Most people don’t have a clear appreciation for what their laundry is costing. Whether you have a home machine or use a laundromat, you may be surprised at the real costs of keeping clean. I remember living in an efficiency apartment in downtown Seattle. Each week, I’d load my wash into a plastic bag, and stick the plastic bag inside a rolling suitcase, fill the outside pocket with quarters and a novel, and walk down the street to the laundromat. In an effort to avoid a couple of creepers whose laundry schedules mysteriously always matched mine, I started re-bagging my wet wash, and bringing it back, where I spread it on drying racks in my bathroom. I discovered I was saving $8.00 a month, which in those days, was a fairly noticeable savings. Especially for someone who just did 1-2 loads a week.
Fast forward many years, and now I do 6-8 loads of wash per week (depending on what sports the kids are playing that season), and thankfully, I’m using my own machines. Laundry costs are still substantial. Here’s how most similar-sized households can save up to $1500 per year in laundry costs.
I’ve made my own detergents for years, using a similar recipe to Lyannae’s How to Make Your Own Homemade Laundry Detergent. I use castile soap instead of bath soap o Fels-Namptha because I want a detergent-free laundry. I pre-treat stains with Dawn, and also use white vinegar as a rise aid (when it is necessary). Laundry detergent savings $198 year.
To save energy on drying, I rack-dry when the weather is warm. Outside line-drying isn’t an option for me since I live in a townhouse. Savings about $28 over the dry months.
Need a quick free drying rack? If you’ve got one of those wooden drop-side cribs that has recently been recalled—grab a side and position it over your tub/shower (mine has a ledge, making it a perfect place to hold a rack like this).
Adding “laundry balls” to the dryer helps to prevent static, reduce wrinkles and speed drying time, which has eliminated the use of dryer sheets and bars. Laundry balls are just heavy felted soft-ball sized balls. They’re all natural, and their weight gets them bouncing around in the dryer a lot, without adding noise. All of this extra movement in the dryer dries garments much faster. I can’t tell exactly what this is saving, but I did notice that when we started using the laundry balls, it seemed to offset the use of our portable air conditioner, so I’m guessing it is a savings of $84 per year.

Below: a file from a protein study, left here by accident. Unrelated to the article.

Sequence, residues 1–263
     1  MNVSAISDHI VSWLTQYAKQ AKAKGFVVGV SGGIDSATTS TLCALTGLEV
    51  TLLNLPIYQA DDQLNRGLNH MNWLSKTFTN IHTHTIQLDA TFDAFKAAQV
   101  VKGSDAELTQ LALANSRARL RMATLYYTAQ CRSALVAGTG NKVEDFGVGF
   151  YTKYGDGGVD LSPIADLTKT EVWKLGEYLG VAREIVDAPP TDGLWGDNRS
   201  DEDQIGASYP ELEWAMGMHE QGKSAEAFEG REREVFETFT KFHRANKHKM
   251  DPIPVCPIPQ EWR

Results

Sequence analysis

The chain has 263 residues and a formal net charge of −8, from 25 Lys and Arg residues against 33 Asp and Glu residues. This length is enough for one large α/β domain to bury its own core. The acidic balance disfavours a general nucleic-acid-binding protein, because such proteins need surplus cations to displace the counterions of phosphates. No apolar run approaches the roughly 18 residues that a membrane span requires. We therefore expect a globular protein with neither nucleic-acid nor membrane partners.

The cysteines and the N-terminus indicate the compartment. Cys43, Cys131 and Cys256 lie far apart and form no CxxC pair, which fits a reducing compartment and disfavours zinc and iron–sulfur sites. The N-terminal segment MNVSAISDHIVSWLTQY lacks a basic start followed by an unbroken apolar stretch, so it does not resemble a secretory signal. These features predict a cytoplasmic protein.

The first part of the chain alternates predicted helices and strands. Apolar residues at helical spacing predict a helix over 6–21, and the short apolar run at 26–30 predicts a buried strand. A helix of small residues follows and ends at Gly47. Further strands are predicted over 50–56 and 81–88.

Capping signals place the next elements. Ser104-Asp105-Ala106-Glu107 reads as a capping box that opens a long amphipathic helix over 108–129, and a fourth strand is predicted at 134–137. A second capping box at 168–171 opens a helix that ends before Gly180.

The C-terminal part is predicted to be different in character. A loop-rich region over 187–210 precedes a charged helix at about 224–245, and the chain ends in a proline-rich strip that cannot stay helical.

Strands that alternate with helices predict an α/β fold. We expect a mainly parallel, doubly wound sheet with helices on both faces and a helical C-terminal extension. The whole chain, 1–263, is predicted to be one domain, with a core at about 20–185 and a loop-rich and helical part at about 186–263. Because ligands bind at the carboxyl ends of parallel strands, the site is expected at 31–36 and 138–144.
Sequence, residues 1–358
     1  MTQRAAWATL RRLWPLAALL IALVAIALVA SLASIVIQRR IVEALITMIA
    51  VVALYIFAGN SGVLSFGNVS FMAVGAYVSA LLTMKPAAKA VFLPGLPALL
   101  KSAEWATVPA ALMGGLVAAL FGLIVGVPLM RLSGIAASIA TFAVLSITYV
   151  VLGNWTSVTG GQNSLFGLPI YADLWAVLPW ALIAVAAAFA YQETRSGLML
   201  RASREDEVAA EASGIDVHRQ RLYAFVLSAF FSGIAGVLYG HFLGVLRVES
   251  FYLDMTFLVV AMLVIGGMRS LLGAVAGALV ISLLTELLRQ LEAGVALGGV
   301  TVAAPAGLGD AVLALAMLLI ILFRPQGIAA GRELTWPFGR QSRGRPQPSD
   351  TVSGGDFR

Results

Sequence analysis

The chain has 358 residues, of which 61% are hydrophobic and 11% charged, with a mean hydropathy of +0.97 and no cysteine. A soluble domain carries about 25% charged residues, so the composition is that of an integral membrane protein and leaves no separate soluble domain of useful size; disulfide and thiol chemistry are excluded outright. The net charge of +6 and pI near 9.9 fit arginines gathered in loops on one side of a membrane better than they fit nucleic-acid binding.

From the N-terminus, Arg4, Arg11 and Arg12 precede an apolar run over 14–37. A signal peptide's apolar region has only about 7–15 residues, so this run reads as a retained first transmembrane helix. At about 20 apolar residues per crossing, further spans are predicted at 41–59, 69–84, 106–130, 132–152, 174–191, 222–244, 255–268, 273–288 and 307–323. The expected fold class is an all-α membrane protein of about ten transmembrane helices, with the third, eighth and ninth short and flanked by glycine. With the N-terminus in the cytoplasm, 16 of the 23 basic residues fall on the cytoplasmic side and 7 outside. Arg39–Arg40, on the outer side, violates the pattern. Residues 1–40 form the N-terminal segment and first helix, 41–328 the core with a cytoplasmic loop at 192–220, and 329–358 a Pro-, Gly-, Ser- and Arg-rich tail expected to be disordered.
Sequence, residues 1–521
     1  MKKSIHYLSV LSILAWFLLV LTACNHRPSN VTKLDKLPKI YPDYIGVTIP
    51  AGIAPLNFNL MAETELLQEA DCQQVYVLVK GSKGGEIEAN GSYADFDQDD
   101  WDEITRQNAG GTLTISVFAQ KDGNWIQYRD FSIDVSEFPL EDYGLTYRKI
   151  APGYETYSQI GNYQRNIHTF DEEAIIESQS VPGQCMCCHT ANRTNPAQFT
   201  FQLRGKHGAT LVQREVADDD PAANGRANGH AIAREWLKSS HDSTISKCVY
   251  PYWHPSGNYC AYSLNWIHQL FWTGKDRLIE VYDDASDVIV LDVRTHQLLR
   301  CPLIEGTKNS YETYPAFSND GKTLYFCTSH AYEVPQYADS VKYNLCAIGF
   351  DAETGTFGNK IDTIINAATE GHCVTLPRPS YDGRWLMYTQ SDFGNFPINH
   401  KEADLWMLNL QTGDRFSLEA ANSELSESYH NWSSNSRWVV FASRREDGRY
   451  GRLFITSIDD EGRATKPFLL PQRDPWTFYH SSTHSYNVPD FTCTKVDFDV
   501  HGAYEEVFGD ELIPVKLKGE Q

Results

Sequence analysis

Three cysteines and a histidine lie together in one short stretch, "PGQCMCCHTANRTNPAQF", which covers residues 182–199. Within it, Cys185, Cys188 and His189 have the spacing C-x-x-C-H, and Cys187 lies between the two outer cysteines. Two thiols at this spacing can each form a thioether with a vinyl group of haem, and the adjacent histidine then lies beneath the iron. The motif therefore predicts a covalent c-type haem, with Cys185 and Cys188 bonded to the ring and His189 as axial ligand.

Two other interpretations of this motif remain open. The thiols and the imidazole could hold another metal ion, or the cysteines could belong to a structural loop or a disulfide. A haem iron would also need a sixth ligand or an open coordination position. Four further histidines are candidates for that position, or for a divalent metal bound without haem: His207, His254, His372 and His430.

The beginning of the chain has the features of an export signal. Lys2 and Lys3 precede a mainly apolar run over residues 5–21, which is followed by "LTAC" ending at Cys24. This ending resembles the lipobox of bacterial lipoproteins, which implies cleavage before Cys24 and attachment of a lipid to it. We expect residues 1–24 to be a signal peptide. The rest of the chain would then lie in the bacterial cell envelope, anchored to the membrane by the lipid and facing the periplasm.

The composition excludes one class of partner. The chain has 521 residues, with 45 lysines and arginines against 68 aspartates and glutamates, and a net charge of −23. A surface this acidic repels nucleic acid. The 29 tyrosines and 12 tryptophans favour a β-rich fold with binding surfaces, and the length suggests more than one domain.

If you’re using an inefficient machine, or have a machine that may be near failure, it may be time to replace—but don’t buy new! If you don’t have to have the top-of-the-line machine, you can definitely benefit from those who do. Recycled and second-hand building supply stores get lots of washers and dryers. Often, they are the brand-new base models from a new home or condo that was immediately replaced with a designer model by the new owner. Many areas have a used building materials store, we are fortunate to have three of them near us. One can easily find a working high-efficiency, front loading washing machine for $250 or less, compared to a new machine at $600-700. Total savings: At least $350.
Dry cleaning not only exposes you to potentially hazardous chemicals, but is expensive! Furthermore, it’s not always necessary. Dry clean typically just means that your garment shouldn’t go through a machine with an agitating system, or would be harmed by traditional detergent or extreme water temperatures.
You can scale back or eliminate your dry cleaning bills by hand-washing your garments with mild soaps (detergent free, such as a pure castile soap). Rodale provides some excellent instructions here.
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I'm just an average mom, trying to live a frugal life and get out of debt. I write about things that have (and haven't) worked to improve my family's financial situation. What works for me may or may not work for you, and you should always consult a financial advisor before making important financial decisions.
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